Part one in our new series on the best driving holidays from each capital.
In Part One of our new series starting today, road trip guru Lee Atkinson shares her tips for the best road trips and driving holidays from each Australian capital city. And we’re setting off from Sydney.
Legendary Pacific Drive to Port Macquarie
For many of us, a drive along the NSW north coast is a blur lost in the rush of getting from A to B, but detour off the highway on to the coastal byways and you'll soon find there are much more than roadhouses and petrol stations to see along the way.
From Sydney, head north on the Pacific Motorway (formally called the F3 Freeway). After a couple of hours of cut-and-thrust traffic you’ll be ready for a break, so take the turn off to the twin towns of Tea Gardens and Hawks Nest, just north of Newcastle and the Hexham Bridge. There is a koala sanctuary here and you’ll often spot koalas roaming the village streets, as well as a resident pod of dolphins that is often seen from the beaches.
Follow the coastal road to Mungo Brush in Myall Lakes National Park. This shady, lakeside clearing is a great place to stretch the legs, unpack a picnic or go for a paddle.
The road rejoins the highway near Bulahdelah but don't stay on it for long – the Lakes Way to Forster winds through Bulahdelah State Forest and along the shores of Myall Lake. Turn off, instead, to Seal Rocks and stroll up to Sugarloaf Lighthouse on the point overlooking the beach. In winter, there’s a good chance you’ll spot a whale or two.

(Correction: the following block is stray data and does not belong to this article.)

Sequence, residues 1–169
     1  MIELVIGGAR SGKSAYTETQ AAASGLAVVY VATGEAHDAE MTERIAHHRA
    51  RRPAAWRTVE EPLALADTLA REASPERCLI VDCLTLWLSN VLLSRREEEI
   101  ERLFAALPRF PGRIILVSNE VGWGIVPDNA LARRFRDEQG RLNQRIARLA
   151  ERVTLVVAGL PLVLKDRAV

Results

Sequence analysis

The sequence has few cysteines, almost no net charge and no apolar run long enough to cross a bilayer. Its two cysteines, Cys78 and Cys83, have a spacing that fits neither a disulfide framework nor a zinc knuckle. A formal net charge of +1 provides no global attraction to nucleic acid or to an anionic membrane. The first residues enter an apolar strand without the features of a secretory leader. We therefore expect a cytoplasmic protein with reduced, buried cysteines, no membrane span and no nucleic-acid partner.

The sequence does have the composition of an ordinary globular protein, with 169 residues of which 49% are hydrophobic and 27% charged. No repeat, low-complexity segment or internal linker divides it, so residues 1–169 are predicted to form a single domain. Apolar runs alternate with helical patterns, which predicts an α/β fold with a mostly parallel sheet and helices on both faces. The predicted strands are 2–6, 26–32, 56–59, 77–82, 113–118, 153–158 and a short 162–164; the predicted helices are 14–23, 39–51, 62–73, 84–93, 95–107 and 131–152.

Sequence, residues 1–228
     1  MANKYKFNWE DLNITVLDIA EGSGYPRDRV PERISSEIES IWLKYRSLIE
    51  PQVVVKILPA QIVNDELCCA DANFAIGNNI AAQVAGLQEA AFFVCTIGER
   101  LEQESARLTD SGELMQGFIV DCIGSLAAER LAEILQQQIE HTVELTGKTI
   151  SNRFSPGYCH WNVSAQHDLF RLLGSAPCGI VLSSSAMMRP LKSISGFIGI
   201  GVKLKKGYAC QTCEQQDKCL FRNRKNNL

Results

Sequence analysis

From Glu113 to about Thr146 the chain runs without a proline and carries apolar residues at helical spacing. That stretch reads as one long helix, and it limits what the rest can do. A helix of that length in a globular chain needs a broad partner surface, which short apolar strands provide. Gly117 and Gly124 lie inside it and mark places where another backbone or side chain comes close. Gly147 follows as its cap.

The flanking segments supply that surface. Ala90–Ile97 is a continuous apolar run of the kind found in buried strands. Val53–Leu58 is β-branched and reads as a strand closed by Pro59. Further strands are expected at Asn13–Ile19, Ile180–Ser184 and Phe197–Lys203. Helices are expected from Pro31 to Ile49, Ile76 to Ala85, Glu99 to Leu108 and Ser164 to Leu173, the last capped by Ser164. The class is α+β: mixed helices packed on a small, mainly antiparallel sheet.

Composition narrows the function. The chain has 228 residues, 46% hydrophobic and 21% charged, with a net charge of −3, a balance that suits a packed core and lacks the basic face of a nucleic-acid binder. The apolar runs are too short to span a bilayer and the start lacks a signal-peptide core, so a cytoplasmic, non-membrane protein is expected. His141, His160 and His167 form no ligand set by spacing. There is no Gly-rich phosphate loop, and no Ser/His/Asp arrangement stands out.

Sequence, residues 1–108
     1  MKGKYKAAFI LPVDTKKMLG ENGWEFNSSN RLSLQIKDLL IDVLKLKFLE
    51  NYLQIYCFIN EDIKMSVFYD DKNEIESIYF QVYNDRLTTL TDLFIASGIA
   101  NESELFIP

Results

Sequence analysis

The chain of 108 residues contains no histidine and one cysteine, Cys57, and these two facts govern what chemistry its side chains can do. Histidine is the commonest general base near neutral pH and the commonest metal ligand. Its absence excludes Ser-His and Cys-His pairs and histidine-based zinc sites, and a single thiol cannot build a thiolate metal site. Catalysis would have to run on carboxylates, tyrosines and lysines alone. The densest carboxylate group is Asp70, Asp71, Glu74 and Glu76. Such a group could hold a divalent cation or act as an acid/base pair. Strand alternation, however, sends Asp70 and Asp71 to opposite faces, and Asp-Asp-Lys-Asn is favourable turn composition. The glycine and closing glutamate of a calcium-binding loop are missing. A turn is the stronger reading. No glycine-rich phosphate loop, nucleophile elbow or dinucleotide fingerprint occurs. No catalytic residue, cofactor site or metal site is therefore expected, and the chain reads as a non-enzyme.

Take the ‘back way’ to Port Macquarie along the coast road from Kew through Laurieton to Port Macquarie. In Laurieton, drive up to the lookout on North Brother Mountain or follow the riverwalk along the Camden Haven River and watch the pelicans swoop down to steal fishy scraps from the fishermen (and women) cleaning their catches. Enjoy views of one wild wave-washed beach after another almost all the way from Laurieton to Port Macquarie as the road curls across headlands, and skirts the shores of Lake Cathie (pronounced ‘cat-eye’). In spring, the bushland beside the road is carpeted with Christmas bells and flannel flowers.
Meandering along these coastal byways might add a couple of extra hours to the trip (if you stick to the highway, it’s around a four-hour drive from the northern outskirts of Sydney to Port Macquarie) but it puts the fun back into the holiday drive.
Find out more at www.pacificcoast.com.au
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